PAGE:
The staff in the building will presumably be gym or general facilities staff. We are told that ‘library outreach staff’ will visit on a ‘very regular basis’. This confirms that there will be no professional librarians staffing the library. It is also not clear what is meant by ‘very regular’. Only £100,000 pa has been allocated to curate activities in four or five so-called ‘neighbourhood libraries’ which is absurdly inadequate. Alongside their apparent reconsideration of the number of books, we hope that Lambeth will also reconsider their position on ensuring a full-time presence of professional librarians.
Will children be able to use it?
Lambeth’s leaflet states that there will be access for children but the concern we have raised is about access for unaccompanied children, in the absence of professional librarians (who have the right checks and are trusted by the community). The question of whether unaccompanied children under 16 will be able to use the books, desk space and computers has not yet been clarified by Lambeth.
Excavating the basement
Lambeth’s leaflet now locates the gym in the ‘unoccupied basement’ of Carnegie Library. This is a new assertion, not previously mentioned formally. The existing basement is in use, and does not run the full length of this listed building because of the hill. It would need extensive excavation to accommodate a gym. This raises several questions:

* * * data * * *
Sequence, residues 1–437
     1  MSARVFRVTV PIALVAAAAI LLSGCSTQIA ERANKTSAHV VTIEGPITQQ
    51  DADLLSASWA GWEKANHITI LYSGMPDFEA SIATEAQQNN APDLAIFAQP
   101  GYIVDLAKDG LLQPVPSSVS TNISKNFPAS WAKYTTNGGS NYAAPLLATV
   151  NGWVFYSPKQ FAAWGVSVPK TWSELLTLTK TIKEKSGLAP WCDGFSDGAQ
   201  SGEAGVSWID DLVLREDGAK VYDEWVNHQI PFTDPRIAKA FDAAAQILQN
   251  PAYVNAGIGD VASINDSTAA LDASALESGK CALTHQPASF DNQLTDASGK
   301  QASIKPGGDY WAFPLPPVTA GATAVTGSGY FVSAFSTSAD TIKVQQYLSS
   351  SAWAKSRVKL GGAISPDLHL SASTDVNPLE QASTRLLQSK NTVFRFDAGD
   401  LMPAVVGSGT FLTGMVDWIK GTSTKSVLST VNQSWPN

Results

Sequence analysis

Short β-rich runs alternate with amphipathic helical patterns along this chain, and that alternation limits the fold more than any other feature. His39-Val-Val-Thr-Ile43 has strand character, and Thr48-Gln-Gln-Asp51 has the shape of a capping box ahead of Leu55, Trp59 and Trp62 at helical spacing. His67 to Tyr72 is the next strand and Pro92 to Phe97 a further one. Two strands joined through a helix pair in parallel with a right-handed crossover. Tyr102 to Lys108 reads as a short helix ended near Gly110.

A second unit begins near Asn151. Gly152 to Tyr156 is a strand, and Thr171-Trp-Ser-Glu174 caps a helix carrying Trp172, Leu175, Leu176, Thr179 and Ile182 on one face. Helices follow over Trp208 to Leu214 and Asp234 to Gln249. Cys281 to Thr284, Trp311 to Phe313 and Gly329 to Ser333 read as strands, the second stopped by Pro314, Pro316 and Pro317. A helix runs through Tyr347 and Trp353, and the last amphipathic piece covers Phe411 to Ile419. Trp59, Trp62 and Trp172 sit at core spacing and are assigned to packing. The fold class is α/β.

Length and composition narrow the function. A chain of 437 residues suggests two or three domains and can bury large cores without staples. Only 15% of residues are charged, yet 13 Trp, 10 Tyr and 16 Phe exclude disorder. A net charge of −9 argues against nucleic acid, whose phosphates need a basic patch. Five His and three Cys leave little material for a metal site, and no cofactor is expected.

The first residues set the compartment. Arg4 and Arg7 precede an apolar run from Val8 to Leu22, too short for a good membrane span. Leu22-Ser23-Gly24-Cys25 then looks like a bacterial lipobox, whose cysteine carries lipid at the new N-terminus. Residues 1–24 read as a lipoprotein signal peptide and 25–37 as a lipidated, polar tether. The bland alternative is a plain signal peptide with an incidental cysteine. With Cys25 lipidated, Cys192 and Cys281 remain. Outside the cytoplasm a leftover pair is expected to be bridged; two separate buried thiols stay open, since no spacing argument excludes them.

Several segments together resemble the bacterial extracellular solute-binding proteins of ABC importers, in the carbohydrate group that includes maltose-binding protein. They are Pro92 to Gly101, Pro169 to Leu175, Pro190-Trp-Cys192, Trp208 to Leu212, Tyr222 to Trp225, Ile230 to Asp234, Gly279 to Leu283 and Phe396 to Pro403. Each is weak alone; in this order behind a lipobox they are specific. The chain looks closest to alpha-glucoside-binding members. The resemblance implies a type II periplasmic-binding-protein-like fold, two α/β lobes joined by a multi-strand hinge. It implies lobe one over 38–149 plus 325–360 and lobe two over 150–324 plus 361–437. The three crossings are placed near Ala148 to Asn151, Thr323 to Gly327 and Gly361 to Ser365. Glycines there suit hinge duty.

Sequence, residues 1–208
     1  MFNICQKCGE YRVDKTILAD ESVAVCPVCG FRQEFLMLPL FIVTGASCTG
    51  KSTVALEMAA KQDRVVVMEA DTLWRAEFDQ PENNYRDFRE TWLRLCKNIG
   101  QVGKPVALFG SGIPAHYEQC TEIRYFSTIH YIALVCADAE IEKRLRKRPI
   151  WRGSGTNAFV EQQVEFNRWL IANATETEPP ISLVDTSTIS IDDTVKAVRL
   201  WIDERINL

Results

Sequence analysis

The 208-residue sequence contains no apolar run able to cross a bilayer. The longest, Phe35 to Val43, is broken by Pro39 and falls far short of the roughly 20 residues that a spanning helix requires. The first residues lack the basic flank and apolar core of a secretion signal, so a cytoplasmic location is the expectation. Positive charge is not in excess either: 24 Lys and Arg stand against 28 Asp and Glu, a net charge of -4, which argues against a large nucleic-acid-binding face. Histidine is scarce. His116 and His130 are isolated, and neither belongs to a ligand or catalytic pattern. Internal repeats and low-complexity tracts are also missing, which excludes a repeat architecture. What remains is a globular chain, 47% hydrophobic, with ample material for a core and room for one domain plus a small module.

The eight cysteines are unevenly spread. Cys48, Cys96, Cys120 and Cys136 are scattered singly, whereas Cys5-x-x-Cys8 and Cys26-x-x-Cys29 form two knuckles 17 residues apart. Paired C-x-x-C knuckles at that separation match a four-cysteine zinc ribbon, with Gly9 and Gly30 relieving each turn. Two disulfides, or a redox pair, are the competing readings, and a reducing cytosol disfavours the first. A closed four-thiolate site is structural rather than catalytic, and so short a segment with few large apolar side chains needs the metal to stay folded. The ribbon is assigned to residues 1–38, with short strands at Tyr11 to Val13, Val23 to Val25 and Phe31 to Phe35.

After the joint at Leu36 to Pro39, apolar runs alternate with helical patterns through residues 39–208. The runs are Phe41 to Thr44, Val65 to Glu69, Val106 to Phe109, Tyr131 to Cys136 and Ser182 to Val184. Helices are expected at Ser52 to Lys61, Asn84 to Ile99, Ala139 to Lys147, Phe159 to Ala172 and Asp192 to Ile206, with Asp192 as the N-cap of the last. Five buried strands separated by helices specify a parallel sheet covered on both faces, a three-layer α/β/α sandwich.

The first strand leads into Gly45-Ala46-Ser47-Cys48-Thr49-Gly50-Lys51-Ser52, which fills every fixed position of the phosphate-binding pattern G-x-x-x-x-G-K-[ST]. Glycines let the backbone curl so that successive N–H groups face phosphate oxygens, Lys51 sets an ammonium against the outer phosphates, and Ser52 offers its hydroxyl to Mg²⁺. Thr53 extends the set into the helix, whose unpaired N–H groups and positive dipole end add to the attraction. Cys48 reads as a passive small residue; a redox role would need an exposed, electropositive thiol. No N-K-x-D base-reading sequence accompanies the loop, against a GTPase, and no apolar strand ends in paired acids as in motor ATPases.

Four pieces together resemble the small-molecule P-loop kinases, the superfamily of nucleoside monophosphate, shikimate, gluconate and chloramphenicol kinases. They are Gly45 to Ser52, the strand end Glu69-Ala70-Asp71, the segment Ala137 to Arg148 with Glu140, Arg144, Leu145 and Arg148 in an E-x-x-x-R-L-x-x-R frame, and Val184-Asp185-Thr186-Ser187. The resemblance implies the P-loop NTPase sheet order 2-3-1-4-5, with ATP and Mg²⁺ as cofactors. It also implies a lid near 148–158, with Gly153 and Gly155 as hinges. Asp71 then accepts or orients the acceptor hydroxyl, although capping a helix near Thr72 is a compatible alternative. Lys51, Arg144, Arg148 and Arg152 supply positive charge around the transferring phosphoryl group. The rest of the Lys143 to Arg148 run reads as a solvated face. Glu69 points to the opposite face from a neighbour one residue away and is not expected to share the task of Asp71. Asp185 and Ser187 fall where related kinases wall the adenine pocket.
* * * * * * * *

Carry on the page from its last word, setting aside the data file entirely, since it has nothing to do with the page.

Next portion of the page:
• Is there any detailed plan, including proposed floor plans, for this basement gym option? As far as we are aware, there is not.
• Has planning permission been sought for this? Given that the Carnegie Library is a Grade II listed building, this is not a trivial question. Apart from being an unwarranted intervention, excavation could destabilise the building.
• Has the cost of excavating the basement been estimated? Has this been budgeted for? What portion will Lambeth Council bear and what portion will GLL bear?
• What is the fallback option in the event that planning permission is denied?
The ‘Carnegie Community Trust’